New York State still needs Birds and Bees Protection Act to protect state’s water, land, and people from neonicotinoids’ toxic harms
The New York State Department of Environmental Conservation (NYSDEC)’s announcement that it will limit the unrestricted use of pesticides that harm bee and other pollinator populations is very welcome: neonicotinoids kill New York’s pollinators, including birds, bees, and butterflies, and they threaten our food, food production, and public health. The new restrictions eliminate the most common neonicotinoid insecticides from consumer products and non-professional residential uses, yet much more needs to be done. We look forward to working with NYSDEC and the state legislature to pass the Birds and Bees Protection Act to remove neonic-treated seeds from New York, one of the most common pathways for the toxins to enter our food and water.
Over the past two to three decades, bees and other pollinator populations have drastically declined. Numerous studies point to the introduction of neonicotinoid insecticides, a highly potent class of chemicals used increasingly as pesticides since the 1990s, as a predominant cause of increasing insect death across New York State. In addition, research documents that neonicotinoid insecticides, or “neonics,” injure or kill beneficial insects, worms and other invertebrates, bats, fish, and deer in the wild; moreover, case control studies in humans point to possible adverse health impacts from chronic exposure, including congenital abnormalities (birth defects) and impairments in neurological function.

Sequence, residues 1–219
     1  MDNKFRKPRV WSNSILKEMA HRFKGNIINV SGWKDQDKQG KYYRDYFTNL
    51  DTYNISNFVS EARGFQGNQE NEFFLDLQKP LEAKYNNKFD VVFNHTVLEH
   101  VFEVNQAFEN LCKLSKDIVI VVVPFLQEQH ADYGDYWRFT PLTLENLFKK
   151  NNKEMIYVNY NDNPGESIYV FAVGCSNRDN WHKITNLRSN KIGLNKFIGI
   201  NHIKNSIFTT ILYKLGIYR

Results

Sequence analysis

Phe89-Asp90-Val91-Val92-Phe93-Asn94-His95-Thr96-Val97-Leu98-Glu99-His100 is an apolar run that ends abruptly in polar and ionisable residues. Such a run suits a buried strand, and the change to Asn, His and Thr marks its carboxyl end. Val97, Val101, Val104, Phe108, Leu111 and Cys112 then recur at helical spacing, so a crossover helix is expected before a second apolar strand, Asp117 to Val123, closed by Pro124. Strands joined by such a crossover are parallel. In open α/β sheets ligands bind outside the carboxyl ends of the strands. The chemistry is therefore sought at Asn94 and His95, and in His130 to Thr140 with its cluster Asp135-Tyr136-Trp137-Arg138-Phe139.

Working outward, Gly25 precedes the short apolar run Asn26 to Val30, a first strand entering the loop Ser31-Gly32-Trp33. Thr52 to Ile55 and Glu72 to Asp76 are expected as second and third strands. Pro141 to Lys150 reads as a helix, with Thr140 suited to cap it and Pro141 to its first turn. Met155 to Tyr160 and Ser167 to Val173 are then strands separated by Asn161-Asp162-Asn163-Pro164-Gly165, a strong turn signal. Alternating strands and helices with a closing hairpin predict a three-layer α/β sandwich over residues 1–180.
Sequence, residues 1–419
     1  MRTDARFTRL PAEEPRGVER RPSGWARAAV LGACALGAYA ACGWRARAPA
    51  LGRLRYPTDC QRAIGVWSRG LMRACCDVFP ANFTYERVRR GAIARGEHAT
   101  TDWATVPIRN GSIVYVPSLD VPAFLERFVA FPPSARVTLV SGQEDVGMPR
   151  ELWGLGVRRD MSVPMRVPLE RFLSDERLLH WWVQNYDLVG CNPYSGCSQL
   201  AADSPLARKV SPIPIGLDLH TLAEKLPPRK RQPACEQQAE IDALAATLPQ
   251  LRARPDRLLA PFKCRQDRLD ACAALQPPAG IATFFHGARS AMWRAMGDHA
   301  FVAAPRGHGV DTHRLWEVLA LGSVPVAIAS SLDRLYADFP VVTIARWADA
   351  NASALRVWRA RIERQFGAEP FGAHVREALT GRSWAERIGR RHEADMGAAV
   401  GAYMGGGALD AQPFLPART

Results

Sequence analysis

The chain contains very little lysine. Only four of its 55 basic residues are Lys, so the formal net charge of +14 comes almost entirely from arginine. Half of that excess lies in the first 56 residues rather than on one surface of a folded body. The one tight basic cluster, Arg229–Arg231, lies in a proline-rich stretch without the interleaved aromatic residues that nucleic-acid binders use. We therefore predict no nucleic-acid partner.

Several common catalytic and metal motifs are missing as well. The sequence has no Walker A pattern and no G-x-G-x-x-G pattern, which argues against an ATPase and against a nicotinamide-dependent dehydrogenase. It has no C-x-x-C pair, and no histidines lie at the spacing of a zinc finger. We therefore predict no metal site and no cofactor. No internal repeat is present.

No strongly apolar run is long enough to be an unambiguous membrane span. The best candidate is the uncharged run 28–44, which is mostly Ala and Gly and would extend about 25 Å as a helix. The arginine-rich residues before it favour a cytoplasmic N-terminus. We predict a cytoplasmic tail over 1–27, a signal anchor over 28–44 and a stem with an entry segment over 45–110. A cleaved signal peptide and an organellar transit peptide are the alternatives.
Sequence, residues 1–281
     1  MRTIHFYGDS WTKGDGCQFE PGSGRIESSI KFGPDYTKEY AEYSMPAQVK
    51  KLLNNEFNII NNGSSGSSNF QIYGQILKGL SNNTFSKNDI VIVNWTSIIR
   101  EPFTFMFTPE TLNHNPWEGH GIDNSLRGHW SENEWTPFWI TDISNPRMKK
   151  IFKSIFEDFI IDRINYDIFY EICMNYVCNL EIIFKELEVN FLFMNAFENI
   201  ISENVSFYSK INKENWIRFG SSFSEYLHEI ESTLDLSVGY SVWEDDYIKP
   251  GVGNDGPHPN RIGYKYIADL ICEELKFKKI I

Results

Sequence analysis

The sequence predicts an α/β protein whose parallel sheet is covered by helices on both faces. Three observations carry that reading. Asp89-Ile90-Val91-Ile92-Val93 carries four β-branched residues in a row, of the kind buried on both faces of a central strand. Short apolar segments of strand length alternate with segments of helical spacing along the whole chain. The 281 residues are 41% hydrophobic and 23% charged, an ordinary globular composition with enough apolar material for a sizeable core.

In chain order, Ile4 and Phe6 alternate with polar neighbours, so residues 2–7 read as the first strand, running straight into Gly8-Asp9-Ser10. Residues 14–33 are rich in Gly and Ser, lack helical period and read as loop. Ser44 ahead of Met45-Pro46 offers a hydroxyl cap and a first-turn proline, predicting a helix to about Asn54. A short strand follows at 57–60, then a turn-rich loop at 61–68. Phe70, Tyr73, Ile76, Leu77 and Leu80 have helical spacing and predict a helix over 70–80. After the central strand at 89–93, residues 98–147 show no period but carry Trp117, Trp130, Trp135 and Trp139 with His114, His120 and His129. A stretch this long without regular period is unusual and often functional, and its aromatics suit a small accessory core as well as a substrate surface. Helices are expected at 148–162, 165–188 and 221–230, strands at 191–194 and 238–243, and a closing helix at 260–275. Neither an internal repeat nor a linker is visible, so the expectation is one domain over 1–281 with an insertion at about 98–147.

Most exposures from neonics come from indiscriminate “prophylactic” treatment of corn, wheat, and soy crops by painting these poisonous chemicals on seeds. Neonic-treated seeds grow into plants that contain the highly potent chemical in every part of the plant, from roots to stems, leaves, flowers, and fruit – any animal or human that eats the plant or fruit becomes contaminated.
The Birds and Bees Protection Act limits the use of five neonicotonoids, primarily by preventing the sale and use of wheat, corn, and soybean seeds coated with these neonicotinoids, except in circumstances where no alternatives exist. The Act also prohibits use of these chemicals in ornamental plantings and for certain other outdoor uses, and it requires the Department of Environmental Conservation (DEC) and other state agencies to investigate alternatives to neonics.